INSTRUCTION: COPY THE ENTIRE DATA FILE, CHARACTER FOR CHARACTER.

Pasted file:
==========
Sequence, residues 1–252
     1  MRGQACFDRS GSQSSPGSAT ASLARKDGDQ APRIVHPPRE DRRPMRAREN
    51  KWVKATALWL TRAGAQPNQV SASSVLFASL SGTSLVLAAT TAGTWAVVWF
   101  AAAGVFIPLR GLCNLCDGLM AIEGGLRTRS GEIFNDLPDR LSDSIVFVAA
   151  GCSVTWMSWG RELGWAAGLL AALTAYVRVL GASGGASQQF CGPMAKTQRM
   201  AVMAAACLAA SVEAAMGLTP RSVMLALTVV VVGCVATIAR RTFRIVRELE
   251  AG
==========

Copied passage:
Sequence, residues 1–252
     1  MRGQACFDRS GSQSSPGSAT ASLARKDGDQ APRIVHPPRE DRRPMRAREN
    51  KWVKATALWL TRAGAQPNQV SASSVLFASL SGTSLVLAAT TAGTWAVVWF
   101  AAAGVFIPLR GLCNLCDGLM AIEGGLRTRS GEIFNDLPDR LSDSIVFVAA
   151  GCSVTWMSWG RELGWAAGLL AALTAYVRVL GASGGASQQF CGPMAKTQRM
   201  AVMAAACLAA SVEAAMGLTP RSVMLALTVV VVGCVATIAR RTFRIVRELE
   251  AG